Monday, February 8, 2016

A new ciliate: Urosomoida sejongensis

Ciliates are protozoan organisms. They common almost everywhere there is water and often they form relationships with bacteria. There are roughly 8,000 species of Ciliophora known to date but species estimates go all the way up to 30,000.

Ciliates get their name from their method of locomotion: they swim using cilia, short, hairlike projections of cytoplasm composed of pairs of microtubules surrounded by cell membrane. Ciliates represent the most complex of cells, having an elaborate cytoskeleton, cilia and two different kinds of nuclei.

Today's new species was discovered in freshwater of King George Island, Antarctica. Its name was derived from King Sejong Station (Korea Antarctic Research station) because the species was discovered nearby.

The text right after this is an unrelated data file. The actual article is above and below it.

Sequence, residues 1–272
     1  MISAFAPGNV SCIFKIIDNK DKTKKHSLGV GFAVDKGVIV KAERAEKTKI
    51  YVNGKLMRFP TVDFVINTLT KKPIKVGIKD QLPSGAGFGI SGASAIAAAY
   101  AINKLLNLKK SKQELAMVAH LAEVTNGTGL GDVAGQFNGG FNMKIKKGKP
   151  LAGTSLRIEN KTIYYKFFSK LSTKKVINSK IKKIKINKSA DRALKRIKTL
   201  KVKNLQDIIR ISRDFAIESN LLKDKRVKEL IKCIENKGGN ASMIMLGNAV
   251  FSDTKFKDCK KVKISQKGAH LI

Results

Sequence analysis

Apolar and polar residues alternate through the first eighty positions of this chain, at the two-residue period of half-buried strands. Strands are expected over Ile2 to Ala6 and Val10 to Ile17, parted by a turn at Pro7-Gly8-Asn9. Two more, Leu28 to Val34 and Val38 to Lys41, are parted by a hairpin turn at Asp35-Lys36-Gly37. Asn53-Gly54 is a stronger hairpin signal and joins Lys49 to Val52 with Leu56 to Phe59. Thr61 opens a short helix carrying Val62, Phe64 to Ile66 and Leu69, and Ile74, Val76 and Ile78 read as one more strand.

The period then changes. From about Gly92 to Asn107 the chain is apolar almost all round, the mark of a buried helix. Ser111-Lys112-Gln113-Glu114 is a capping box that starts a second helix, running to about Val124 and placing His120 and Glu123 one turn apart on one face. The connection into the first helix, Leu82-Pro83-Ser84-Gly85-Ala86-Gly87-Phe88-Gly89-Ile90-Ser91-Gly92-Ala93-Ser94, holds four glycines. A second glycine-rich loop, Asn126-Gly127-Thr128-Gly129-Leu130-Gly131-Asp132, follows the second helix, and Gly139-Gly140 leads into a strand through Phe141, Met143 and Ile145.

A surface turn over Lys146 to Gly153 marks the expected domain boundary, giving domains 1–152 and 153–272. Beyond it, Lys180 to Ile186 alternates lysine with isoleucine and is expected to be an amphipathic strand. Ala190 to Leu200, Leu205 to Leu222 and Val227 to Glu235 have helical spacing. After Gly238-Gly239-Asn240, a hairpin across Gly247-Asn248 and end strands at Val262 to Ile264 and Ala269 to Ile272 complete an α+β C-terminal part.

For the experts: In this study, a new “non-oxytrichid Dorsomarginalia” ciliate, Urosomoida sejongensis n. sp. discovered from freshwater of the King George Island, Antarctica, was investigated using morphological, morphometrical, and molecular methods. Morphology of U. sejongensis is characterized as follows: body shape slender to elongated; cortical granules spherical and colorless, groups of granules formed patchy distribution; ring-shaped structures scattered in cytoplasm; 27–30 adoral membranelles with undulating membranes in Oxytricha pattern; usually 17 frontal-ventral-transverse (FVT) cirri composed of 3 frontal, 1 buccal, 4 frontoventral, 3 postoral ventral, 2 pretransverse ventral and 4 transverse cirri; 1 right and 1 left marginal rows; 3 dorsal kineties with 1 dorsomarginal row, 3 caudal cirri; 1 micronucleus between 2 macronuclear nodules. This new species mainly differs from other congeners by the combination of following morphological features: a micronucleus, cortical granules, and ciliatures (e.g., adoral membranelles, FVT cirri). Urosomoida sejongensis shows a nucleotide similarity of 97.3% with U. agilis, type of this genus, using the SSU rDNA sequence. Molecular phylogeny shows a non-monophyletic relationship among Urosomoida species and emphasizes the need for further morphogenetic studies of this genus and other related species to resolve morphological convergences.

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